As Crest Nicholson prepares to begin construction of a 763-home development in Harry Stoke (subject to final planning approval), a local history enthusiast is calling on the developer to preserve a historic water feature…
By Adrian Kerton
The ‘moat’ at Harry Stoke has always been regarded as an insignificant small pond, but now the surrounding scrub has been cleared, it can be seen to be a large, well engineered water feature, with an extensive dry stone wall. It is connected by an underground stone lined drain to the Stonelands pond, which is a breeding pond for the great crested newt, and as the two ponds are connected, it is probable that the moat is also a breeding pond.
So what is the purpose of the feature? A map of 1951 shows the designation as a ‘moat’, but the surrounding terrain suggests it never encompassed the early medieval settlement.
So what was it? We know that in 1304 John le White of Bristol sold a plot of land and a mill to Margaret Gifford, so was it the mill pond? Previous excavations haven’t shown the presence of a mill, but South Gloucestershire Council archaeologist Paul Driscoll has requested some exploratory trenches.
The other explanation is that the moat is a medieval fishpond.
“Like field-ponds, fishponds have not been seriously studied. Popular legend links them exclusively with monasteries and monastic properties, but in fact the fishpond was a useful adjunct to any village.” – B. K. Roberts, Medieval Fishponds, 1966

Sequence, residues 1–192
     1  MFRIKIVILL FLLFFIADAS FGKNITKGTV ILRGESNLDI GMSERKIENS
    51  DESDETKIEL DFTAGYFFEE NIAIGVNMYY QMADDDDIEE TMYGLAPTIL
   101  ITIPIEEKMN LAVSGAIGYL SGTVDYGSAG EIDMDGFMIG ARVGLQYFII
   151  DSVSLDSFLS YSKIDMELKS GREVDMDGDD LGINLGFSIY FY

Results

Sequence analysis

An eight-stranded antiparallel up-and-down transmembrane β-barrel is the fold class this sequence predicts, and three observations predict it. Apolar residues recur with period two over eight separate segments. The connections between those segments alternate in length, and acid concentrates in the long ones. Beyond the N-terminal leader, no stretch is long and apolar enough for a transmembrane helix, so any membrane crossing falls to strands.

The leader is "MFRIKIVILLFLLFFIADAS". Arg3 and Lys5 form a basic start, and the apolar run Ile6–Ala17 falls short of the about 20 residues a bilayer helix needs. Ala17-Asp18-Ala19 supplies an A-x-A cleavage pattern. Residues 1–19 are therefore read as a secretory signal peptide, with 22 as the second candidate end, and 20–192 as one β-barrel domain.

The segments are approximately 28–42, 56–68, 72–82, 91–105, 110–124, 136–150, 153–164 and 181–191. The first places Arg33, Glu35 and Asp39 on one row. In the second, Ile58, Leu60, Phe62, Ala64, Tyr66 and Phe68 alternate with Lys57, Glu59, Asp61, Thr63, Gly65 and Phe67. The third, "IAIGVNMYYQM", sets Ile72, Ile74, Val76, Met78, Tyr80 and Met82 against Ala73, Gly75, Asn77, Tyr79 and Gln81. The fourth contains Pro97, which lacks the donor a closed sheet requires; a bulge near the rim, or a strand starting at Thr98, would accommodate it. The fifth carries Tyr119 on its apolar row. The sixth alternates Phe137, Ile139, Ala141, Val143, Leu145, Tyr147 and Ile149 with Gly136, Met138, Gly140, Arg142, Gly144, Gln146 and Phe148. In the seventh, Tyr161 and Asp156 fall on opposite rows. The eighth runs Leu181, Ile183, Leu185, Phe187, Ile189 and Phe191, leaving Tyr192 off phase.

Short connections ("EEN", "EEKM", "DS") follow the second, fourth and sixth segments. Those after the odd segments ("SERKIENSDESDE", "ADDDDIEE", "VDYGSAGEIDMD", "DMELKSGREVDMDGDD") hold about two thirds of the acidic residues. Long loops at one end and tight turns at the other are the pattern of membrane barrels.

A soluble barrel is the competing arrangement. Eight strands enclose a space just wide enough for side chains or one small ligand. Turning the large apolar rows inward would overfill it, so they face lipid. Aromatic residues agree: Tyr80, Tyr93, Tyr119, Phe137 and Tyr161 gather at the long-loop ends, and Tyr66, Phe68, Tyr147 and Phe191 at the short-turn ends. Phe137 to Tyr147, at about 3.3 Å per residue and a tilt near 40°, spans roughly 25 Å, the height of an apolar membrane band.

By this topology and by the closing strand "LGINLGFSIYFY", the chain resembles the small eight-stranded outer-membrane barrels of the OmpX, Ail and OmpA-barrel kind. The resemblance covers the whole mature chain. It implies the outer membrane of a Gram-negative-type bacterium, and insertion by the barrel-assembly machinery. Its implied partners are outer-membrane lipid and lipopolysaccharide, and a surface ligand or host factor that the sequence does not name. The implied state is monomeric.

“Period fishponds are very representative of large scale animal husbandry during the medieval and post medieval period. As such they have considerable historic interest.” – Historic England (which lists more than 50 medieval fishponds as scheduled monuments)
Medieval fishponds are usually rectangular, to aid their maintenance and managing of the fish. As the map shows, the Harry Stoke moat is indeed rectangular, though much of it has now been covered over.
The South Gloucestershire Biodiversity Action Plan recognises the importance such valuable features and highlights hedgerows, ponds and dry stone walls as local priority habitats and planning documents emphasise the need to bring a clear identity to the natural environment and to create a lasting contribution to the wider green infrastructure network and a recognition of the history and individual character of the local area. These ambitions will not be realised if the moat is filled in.
An opportunity also exists to uncover the rest of the moat and make it publicly accessible, which would be a superb educational opportunity to study the pond life throughout the year.
If readers would like to register their comments on this opportunity to save a unique historical and environmentally valuable asset, the planning application reference is PT17/5810/RM.
To find out more about the history of Stoke Gifford, including the Harry Stoke ‘moat’, visit my website at stokegiffordhistory.wordpress.com
See also: Land at Harry Stoke (The Journal)
Photos: 1 Adrian Kerton (right) and local resident David Shore at the ‘moat’. 2 Close-up photo of dry stone walling on the edge of the ‘moat’.
This article originally appeared in the April 2019 issue of the Stoke Gifford Journal magazine (on page 20). The magazine is delivered FREE, EVERY MONTH, to over 5,000 homes in Stoke Gifford, Little Stoke and Harry Stoke. Phone 01454 300 400 to enquire about advertising or leaflet insertion.